DL: Growing up my mom told me my inheritance was my education, and that my education was something no one would ever be able to take away from me.  My education has allowed me to have a plentiful life, I wanted to pay it forward and this organization allowed to do just that. I’m also the proud mom of two little girls and I want to be a good example for them.

What is your favorite thing about working in the technology industry?

MB: Software can be like magic.  You can build very useful and sometimes beautiful things from a pile of keywords and numbers.  It’s also very challenging, so you get the same joy when your code works that you do when solving a really hard math problem.

DL: I love the idea of helping to create things that don’t exist and solving problems that no one else has solved. The thought of making things better, drives me.

Why do you believe more women should be working in information technology?

MB: If we can get women involved at the same percentages as we have men, we would solve our skills gap.  It also helps that women bring a different perspective to the work.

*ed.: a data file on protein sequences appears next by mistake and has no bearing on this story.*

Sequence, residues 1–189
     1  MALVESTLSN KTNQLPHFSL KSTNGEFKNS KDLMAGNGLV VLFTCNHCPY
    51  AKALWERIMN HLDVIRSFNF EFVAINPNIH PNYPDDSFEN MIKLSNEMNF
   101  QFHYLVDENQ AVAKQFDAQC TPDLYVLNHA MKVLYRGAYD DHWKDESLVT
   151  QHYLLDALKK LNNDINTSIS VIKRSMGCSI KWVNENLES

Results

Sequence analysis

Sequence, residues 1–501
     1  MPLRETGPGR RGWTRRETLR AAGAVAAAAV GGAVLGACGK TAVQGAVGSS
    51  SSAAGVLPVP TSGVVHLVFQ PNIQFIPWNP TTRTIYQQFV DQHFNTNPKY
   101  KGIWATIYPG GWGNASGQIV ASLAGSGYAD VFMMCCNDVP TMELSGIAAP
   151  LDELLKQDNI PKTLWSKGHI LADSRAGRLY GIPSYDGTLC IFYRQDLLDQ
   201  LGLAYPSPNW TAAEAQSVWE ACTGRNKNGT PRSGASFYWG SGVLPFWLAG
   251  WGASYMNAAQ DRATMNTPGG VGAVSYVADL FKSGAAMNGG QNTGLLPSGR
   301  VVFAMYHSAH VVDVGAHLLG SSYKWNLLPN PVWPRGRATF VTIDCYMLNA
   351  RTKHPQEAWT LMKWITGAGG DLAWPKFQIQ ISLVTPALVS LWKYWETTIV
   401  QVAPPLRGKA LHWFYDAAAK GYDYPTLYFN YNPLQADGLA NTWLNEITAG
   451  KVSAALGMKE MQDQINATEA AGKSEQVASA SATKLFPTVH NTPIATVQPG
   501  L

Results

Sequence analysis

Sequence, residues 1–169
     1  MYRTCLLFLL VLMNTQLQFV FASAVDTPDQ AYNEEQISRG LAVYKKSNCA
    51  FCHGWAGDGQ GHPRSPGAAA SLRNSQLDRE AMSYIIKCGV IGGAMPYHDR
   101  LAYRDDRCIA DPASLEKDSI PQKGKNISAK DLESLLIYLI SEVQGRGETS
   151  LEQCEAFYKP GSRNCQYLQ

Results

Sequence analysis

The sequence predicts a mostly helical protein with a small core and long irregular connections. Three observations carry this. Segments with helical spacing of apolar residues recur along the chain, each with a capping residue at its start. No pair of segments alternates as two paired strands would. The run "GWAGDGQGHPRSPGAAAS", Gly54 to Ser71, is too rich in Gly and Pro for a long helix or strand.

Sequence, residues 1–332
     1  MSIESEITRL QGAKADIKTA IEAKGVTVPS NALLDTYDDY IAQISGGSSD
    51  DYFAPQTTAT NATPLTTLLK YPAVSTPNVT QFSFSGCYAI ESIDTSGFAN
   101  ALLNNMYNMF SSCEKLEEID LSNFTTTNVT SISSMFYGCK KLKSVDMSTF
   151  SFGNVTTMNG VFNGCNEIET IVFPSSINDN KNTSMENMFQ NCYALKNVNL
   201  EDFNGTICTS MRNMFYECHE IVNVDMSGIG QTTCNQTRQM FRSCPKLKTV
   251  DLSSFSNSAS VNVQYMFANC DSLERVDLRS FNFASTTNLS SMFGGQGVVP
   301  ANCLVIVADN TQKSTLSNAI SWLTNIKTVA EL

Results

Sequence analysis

DL: The industry as a whole will benefit from the perspective of a more diverse workforce. Also, this industry has the ability to provide a safe and stable environment where females can thrive and make a good living.

Are there other ways communities can be supportive of women entering the information technology industry?

MB: We need more visibility to the women already in the industry as that will make other women recognize they can be successful in the community as well.  Partly it’s on women like me to seek out opportunities to be more visible, but it’s also on the community to remember to look outside of the usual suspects when looking for speakers, mentors, etc.  It’s too easy to keep returning to the names you already know. Conferences like Strange Loop and are making strides in this area.